I agree.  I prefer the story of natural creatures who express themselves in their own ways—and sometimes, if we are lucky, do so on our behalf.

I like to think that such creatures—even those we may be least apt to recognize as brethren—might choose to accept us into their communities and form alliances with us.

If we take a different view of the natural world– that of a “mere puzzle to be solved”, we lose considerable capacity for both wonder and vision.

The following Plains Indians story of a vision quest is illustrative.

A man who is seeking a vision fasts for several days.  He cries for his vision, humbling himself before the spirits of the world.

When he has done this for many long days and still no vision comes to him, he becomes desperate.  He climbs to the top of a great waterfall, determined he will live with a vision or die without one.

He jumps, abandoning himself to the roiling water.  And at that moment a magnificent white buffalo appears and swims him safely to shore.

From that day forward, the white buffalo becomes his spirit guide.

For the Indian audience that is the end of the story.

Still, the storyteller knows non-Indians will have questions:  “Was that really a white buffalo that pulled him out of the water?  What would someone standing on the shore see?”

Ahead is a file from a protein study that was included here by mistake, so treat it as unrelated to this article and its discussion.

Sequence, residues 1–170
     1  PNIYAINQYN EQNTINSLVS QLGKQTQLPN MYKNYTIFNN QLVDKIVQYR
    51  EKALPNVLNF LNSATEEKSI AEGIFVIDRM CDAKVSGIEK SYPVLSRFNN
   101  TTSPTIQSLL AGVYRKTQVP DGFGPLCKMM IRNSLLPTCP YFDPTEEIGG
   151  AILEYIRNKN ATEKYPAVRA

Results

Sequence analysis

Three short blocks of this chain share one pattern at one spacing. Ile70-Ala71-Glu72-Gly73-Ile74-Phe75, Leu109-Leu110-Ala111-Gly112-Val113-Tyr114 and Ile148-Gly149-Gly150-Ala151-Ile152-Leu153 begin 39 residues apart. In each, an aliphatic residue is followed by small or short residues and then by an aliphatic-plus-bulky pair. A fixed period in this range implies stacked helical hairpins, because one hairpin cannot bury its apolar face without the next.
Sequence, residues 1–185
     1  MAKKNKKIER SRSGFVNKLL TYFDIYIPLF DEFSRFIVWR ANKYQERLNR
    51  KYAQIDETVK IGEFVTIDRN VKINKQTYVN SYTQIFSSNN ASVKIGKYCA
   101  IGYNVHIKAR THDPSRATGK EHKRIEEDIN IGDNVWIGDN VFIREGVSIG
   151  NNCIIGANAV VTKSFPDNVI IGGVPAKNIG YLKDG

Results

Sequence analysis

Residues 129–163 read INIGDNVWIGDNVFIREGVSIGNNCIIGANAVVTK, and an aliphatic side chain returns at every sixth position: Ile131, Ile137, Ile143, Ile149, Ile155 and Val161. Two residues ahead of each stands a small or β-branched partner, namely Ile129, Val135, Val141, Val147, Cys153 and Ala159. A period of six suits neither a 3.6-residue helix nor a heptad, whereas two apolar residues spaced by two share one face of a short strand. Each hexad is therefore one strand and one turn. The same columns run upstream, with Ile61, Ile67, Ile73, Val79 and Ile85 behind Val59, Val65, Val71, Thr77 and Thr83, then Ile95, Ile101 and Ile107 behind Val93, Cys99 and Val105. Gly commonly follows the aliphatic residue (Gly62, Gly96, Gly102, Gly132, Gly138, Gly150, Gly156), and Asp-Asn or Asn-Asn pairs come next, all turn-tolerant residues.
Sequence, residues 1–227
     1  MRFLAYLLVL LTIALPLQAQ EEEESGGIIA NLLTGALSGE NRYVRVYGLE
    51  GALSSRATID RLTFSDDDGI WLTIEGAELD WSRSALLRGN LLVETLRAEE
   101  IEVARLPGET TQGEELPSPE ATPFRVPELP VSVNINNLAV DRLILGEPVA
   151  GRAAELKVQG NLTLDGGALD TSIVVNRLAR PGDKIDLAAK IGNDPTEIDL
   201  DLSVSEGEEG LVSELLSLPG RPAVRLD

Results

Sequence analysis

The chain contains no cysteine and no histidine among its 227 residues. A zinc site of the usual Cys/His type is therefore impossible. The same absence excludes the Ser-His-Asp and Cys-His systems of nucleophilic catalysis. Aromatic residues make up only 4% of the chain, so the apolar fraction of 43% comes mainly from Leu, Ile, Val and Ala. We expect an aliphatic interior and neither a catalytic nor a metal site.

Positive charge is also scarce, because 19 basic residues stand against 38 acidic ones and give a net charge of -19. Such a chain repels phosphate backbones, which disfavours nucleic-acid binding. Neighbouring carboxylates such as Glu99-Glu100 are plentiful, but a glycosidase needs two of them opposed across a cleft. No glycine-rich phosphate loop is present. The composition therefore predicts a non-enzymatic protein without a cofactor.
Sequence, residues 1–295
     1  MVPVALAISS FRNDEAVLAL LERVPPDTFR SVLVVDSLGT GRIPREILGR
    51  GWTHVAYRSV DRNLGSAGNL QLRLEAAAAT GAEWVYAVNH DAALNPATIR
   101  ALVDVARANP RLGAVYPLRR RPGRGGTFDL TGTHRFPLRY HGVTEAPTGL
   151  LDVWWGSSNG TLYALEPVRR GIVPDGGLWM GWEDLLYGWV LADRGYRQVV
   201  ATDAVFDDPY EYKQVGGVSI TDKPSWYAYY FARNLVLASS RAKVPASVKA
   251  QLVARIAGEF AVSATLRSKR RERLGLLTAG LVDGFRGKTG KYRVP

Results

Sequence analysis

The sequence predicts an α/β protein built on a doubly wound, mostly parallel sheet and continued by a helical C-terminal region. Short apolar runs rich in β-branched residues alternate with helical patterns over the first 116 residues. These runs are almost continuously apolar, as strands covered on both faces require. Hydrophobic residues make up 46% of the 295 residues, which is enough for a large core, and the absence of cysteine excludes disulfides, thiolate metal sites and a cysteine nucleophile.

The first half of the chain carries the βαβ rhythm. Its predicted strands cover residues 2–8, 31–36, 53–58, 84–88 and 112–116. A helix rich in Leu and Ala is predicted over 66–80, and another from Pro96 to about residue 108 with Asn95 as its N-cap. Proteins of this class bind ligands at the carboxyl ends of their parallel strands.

So the storyteller adds something for their sakes:  “Something pulled him out of that water,” he asserts, “And whatever that was, belongs to him.”

It is only because the observer is a mere watcher on the banks of the river of life that he questions the life-saving vision another has found for himself.  Such an observer, with his self-proclaimed “objectivity”, is all too ready to declare his view of reality superior to that of the one who has chosen to dive in.

When I worked among the Chehalis Indians several decades back, elders were indignant that members of non-Indian culture might deem their traditions as “just stories”.   In such stories, passed down through thousands of years, was the collected wisdom of a people.

For their part, the elders who kept this knowledge on behalf of their people expressed considerable epistemological sophistication.  They understood that their individual views of the world were not reality.  To make such an assumption would be to insult those who shared their world. They honored all their unique voices as they asserted, “No one speaks for anyone else”.

By contrast, “even the best scientists” in Western tradition have made the profound mistake of believing, as Wes Jackson, director of the Land Institute, put it, “that the world operates by the same method they use to study it.”

With parallel arrogance, colonizers regularly deemed the beliefs of those whose lands they usurped as “superstition”.  Anthropologist Ruth Benedict had a response to that:  an analytic response that makes the way modern industrial society uses technology the real superstitious behavior.